what is your why

Lately, God has been walking me through some deep, difficult questions. The more I study the way biblical people answered those questions, the more I recognize that my answer to “why” I do what I do matters so much more than “what” I want to do.

I heard a fascinating interview with Simon Sineck. He has written a book called Start with Why. In the interview he said, “If you can’t figure out your purpose, figure out your passion. For your passion will lead you right into your purpose.” Sinek’s philosophy is not scripture based, but he has captured biblical truth in his philosophy. “Finding ourselves” is not about discovering what we want; we see ourselves most clearly when we begin to understand ourselves in connection to God.

God has given us the answer to “why”. We are intentionally created in his image to know him and be in relationship with him. Everything else about our lives is a “what”. He gifts each of us uniquely and individually that may make our “what” look different from others, but ultimately our “what” is less important than our “why”. Your gift may lead you to work with numbers or children, to teach or organize. Your faithfulness in using your gift will make all the difference to your joy and the needs of those around you. But that gift, in and of itself, is not your purpose. What you do with that gift, why you use it, is your purpose. A teacher whose purpose is to win an award or gain notoriety is very different from a teacher who seeks to educate his students. When we focus on the “what” of our gifts, we may very well lose sight of the “why”.

But when our gifts and our passion merge, there is a thrill and joy that makes whatever we sacrifice seem insignificant. I seriously doubt that Mozart’s mother had to bribe him to practice his harpsichord or that Leonardo da Vinci’s parents had to make him study. Pick any professional sports player today….chances are he was the last one to leave the field or court when practice was over. Mother Theresa didn’t resent the sick who needed her attention; Billy Graham isn’t bored by Bible study. The goal of each of those was never just to “do it one more time”; the goal was always to improve their “what” so that their “why” improved.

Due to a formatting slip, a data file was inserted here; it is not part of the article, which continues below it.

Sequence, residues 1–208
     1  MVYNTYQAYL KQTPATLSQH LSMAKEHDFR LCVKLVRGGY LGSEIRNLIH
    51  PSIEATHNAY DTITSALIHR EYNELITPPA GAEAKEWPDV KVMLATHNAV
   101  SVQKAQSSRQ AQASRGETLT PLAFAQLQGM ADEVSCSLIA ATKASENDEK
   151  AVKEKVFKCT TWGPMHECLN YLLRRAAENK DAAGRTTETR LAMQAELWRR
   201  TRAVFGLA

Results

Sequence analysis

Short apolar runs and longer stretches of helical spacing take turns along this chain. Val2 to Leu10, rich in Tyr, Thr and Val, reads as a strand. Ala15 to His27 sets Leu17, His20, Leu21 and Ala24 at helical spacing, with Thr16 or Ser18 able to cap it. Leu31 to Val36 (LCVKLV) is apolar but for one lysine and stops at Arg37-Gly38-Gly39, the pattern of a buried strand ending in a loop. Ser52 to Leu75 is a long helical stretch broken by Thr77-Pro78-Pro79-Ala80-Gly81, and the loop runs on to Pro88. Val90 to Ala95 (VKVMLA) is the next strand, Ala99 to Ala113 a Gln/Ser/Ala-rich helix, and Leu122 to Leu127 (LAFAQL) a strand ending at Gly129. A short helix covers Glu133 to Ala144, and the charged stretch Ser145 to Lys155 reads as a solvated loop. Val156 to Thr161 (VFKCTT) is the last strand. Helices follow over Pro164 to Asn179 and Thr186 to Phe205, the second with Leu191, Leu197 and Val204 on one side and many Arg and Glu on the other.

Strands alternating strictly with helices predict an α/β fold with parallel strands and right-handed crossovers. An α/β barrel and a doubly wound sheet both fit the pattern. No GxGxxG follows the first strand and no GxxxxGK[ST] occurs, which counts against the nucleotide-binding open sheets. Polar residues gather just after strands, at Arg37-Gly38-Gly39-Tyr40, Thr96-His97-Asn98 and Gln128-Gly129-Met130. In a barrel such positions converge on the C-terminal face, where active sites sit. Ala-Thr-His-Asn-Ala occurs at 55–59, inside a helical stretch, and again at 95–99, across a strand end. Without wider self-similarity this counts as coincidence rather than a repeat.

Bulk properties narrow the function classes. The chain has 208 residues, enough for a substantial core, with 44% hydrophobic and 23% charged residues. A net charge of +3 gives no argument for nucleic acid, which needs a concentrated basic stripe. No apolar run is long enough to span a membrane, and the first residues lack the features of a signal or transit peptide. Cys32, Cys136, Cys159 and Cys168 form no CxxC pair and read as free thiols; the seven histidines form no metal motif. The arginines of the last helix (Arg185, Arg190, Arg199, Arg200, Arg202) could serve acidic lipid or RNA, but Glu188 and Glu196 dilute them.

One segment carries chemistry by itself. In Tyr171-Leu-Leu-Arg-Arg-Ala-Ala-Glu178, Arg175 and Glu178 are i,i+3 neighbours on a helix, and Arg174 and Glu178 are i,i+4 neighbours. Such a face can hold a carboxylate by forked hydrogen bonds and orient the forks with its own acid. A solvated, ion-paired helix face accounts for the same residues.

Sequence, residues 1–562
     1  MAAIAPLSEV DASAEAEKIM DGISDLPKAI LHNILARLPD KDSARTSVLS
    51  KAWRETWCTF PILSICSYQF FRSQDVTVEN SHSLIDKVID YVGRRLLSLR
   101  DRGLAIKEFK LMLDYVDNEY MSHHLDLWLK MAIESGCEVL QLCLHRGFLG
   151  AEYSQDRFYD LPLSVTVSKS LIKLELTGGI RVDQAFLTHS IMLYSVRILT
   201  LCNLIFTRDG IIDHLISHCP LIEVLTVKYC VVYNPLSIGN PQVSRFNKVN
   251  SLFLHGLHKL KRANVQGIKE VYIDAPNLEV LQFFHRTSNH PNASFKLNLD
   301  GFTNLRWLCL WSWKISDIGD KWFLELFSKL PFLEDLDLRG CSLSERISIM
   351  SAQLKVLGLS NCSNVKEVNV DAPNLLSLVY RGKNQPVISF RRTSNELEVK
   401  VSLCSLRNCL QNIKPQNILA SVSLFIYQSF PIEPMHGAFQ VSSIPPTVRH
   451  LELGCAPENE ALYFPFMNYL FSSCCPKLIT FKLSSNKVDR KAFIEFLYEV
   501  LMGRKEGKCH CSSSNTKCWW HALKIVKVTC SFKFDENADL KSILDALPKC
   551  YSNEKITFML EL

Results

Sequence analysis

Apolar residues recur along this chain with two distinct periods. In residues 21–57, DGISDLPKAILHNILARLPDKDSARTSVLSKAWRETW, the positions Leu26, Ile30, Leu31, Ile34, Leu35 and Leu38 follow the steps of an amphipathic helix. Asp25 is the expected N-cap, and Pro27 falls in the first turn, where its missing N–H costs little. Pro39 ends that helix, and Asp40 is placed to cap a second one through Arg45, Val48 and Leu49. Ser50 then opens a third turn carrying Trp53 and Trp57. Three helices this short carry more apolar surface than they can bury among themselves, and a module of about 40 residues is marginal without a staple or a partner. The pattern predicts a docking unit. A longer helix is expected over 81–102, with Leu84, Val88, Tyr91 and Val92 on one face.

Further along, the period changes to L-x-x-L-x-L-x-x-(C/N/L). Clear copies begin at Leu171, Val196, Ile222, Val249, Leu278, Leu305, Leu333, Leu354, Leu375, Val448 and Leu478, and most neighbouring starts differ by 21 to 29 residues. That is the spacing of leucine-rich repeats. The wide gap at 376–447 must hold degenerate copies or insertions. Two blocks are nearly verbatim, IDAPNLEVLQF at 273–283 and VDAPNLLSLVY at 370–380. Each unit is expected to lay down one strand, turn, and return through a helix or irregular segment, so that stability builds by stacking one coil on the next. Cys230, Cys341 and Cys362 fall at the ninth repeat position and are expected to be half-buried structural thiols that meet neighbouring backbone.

When I have a clear understanding of why I do what I do, my choices become much easier. So much of my wasted time and selfish behavior occurs when I focus on what, rather than why. If my home is about my family, my focus will be on their protection and blessing. When they spill something on my freshly scrubbed floor, my response shouldn’t be based on the floor; it should be based on my family. When my quiet time with God is about hearing from him and finding fresh understanding of his word, I move into my day knowing I’m loved and blessed beyond measure, regardless of my circumstances. When my quiet time is simply something I do because I feel I should, I move into my day with one more thing checked off my “to do” list.

How would our marriages be different if we were more focused on the health of the marriage than on what our spouse does that displeases us? How much more effective would our government leaders be if their goal was to serve and protect the people who elected them to office and focus less on their own reelection? If the church focused on making disciples and proclaiming the gospel, rather than dividing itself over issues that matter far more to us than they do to God? How would our lives be different if our energy was invested in learning to love and serve God, rather than demanding the love and service of those around us?

This day, choose to be defined by your why. Recognize that you are utterly loved by God. Let your choices and actions, your attitudes and behaviors be a reflection of his love in you. Joyfully invest your “what” in your “why”.